New initiative to elect more women to City Council
by Benjamin Fang
Jan 17, 2017 | 3405 views | 0 0 comments | 28 28 recommendations | email to a friend | print
Council Speaker Melissa Mark-Viverito, center, with Councilwoman Elizabeth Crowley, Councilwoman Margaret Chin and City Council candidates.
Council Speaker Melissa Mark-Viverito, center, with Councilwoman Elizabeth Crowley, Councilwoman Margaret Chin and City Council candidates.
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Councilwoman Crowley helped launch the initiative at the Knockdown Center.
Councilwoman Crowley helped launch the initiative at the Knockdown Center.
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Standing in front of the new “Nasty Women” exhibit at the Knockdown Center in Maspeth last Friday, elected officials and women’s rights organizations launched a new effort to elect more women to City Council.

The goal of “21 in ‘21,” which is led by council Speaker Melissa Mark-Viverito, is to elect at minimum 21 women to the legislative body by 2021. Currently, there are 13 women serving out of 51 council members, but four female legislators will be term-limited out next year.

“We know that in every single district in this city, there are talented and exceptional women who should be candidates for office,” said Councilwoman Elizabeth Crowley. “’21 in ‘21’ will help find them, encourage them, help them understand the financial support they need and give them the structural guidance.”

Only seven seats will be open in next year’s city election, but 38 seats will be up for grabs in 2021, when a majority of council members are forced out of office by term limts. Officials said they hope that’s when more women will have a chance to win.

“Women need to be in the front and center of the decision-making process around public policy,” Mark-Viverito said. “Yet, there are times at important meetings when I’m still the only woman at the table.”

While details of the exact structure of the initiative are in developing stages, officials said its role will be to recruit, encourage, guide and educate prospective candidates, rather than giving money directly.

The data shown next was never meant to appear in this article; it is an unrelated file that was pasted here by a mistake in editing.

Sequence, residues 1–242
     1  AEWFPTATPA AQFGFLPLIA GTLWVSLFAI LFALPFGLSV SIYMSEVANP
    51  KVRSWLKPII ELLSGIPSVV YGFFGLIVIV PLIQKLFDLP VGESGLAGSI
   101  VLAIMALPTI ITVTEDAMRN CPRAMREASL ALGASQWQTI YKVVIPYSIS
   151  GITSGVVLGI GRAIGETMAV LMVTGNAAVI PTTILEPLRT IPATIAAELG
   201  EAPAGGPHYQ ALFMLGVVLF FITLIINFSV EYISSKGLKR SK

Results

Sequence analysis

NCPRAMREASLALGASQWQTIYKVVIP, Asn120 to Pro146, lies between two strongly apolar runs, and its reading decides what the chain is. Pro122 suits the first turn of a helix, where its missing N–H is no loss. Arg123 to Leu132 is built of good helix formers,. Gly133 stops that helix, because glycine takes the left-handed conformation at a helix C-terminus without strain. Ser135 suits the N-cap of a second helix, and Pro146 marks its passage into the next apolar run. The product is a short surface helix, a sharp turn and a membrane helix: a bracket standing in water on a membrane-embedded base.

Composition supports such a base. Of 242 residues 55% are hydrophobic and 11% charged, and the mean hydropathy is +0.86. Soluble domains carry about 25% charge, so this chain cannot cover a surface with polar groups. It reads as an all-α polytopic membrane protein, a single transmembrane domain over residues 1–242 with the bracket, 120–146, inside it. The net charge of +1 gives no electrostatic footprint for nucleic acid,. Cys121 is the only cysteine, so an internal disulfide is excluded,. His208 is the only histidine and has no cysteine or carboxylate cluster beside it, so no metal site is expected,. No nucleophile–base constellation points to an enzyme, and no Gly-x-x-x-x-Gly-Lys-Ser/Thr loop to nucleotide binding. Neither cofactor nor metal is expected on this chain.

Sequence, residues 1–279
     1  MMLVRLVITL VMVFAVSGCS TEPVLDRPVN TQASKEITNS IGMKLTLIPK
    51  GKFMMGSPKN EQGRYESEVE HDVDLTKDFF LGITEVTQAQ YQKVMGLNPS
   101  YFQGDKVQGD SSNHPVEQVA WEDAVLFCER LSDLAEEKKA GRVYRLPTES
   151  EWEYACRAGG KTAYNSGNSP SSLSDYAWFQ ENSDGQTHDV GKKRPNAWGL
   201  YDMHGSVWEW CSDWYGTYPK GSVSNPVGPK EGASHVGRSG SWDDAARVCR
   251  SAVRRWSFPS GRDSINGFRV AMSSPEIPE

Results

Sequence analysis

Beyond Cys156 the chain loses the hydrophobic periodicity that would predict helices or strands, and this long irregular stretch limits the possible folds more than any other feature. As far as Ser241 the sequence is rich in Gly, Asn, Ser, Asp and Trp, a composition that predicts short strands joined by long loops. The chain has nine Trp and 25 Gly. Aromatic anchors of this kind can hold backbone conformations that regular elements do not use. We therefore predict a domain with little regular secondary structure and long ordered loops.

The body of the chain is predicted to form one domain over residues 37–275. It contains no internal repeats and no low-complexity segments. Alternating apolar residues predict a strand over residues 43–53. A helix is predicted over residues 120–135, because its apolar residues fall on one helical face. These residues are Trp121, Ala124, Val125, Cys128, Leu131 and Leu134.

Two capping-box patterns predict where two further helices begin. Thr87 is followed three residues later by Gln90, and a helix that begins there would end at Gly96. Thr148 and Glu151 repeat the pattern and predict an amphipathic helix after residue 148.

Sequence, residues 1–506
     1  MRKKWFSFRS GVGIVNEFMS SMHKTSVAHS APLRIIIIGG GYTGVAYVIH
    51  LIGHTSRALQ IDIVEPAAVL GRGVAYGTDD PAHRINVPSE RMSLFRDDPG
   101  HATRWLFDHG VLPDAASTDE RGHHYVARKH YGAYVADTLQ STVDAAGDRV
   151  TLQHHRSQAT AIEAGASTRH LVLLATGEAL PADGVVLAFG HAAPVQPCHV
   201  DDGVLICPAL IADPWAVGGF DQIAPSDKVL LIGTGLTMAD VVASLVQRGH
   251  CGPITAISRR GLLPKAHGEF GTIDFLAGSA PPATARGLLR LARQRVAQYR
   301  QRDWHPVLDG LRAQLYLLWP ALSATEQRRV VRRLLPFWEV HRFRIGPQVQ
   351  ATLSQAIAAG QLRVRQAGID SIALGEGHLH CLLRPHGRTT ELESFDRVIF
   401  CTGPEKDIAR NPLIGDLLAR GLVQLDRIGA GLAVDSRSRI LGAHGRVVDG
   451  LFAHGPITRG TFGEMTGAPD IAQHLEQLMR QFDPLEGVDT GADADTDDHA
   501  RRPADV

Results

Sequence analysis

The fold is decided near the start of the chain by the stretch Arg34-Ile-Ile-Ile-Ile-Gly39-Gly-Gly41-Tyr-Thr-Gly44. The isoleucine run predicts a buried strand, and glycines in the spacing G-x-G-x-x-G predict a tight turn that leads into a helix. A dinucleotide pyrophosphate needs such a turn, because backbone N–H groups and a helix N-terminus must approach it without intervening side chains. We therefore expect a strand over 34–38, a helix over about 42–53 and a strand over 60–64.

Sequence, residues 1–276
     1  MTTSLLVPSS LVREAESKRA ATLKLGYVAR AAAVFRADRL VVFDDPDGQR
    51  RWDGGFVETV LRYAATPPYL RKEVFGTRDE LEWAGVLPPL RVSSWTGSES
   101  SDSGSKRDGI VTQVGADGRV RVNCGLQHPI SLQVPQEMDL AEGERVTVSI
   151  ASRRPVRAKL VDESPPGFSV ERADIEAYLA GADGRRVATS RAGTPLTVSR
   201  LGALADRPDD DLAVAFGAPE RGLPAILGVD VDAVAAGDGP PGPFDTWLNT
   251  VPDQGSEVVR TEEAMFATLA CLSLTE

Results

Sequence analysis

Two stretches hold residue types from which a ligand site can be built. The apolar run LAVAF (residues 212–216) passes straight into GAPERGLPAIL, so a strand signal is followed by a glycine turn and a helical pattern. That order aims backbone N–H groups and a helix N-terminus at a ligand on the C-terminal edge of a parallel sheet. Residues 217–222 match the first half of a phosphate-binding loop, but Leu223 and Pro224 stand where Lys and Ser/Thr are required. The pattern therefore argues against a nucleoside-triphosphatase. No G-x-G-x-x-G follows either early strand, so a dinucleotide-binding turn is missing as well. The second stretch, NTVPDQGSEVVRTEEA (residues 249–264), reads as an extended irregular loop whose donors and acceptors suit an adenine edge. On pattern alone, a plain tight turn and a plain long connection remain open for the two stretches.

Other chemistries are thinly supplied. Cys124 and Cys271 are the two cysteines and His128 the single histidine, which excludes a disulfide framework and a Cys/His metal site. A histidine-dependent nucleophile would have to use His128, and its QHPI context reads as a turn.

Crowley said it will give women a platform to raise their visibility so more New Yorkers can donate to candidates, enabling them to benefit from the city’s matching-funds system.

“When I ran for the City Council the first time, I wasn’t able to win,” Crowley said. “That’s the real truth when it comes to a lot of women who run for office for the first time.”

Councilwoman Margaret Chin, who represents Lower Manhattan, said it took her four tries to win her seat. When she was elected in 2010, there were 18 women in the City Council.

“I thought we would continue to grow, but sadly, the numbers are going down,” she said, adding that having women lead means “getting things done” for their communities.

To get the program up and running, good government group EffectiveNY has pledged $25,000 to the initiative. Bill Samuels, who leads EffectiveNY, said the effort will help lessen corruption, produce better and more moral legislation and encourage more women to enter public service.

“In New York State, from the top leadership down to our county leaders, it is a male culture,” Samuels said. “This isn’t just about electing women. It’s about changing the culture. It’s about changing the leadership in our counties and our legislatures.”

Mark-Viverito added that municipal government serves as a pipeline to the federal level, where decisions like access to reproductive rights are made. She said the current Congress has already made moves “anti-women and anti-women’s reproductive health.”

“It’s men making decisions that they have absolutely no understanding of,” she said. “I can assure you that if that Congress were made up of 50 percent women or more, you would not see that happening.”

So far, “21 in ‘21” has already hosted events to support candidates running in this year’s election, including two candidates in Manhattan and two candidates in the Bronx.

Bronx candidate Amanda Farias currently serves as a special events director for Councilwoman Crowley.

“This is a crucial endeavor,” said Elizabeth Holtzman, who in 1972 was the youngest woman elected to Congress and the first woman to serve as city comptroller and Brooklyn district attorney. “Women make up more than half the population of New York City, and they’re entitled to a seat at the table. It’s not going to happen without the help of other elected women and men who care.

“Seeing other women achieve the highest pinnacle is an inspiration to women who never dreamed in their lives that they could reach for the stars,” Holtzman added. “Having women in positions of power makes a huge difference. This gives women a vision of possibility.”
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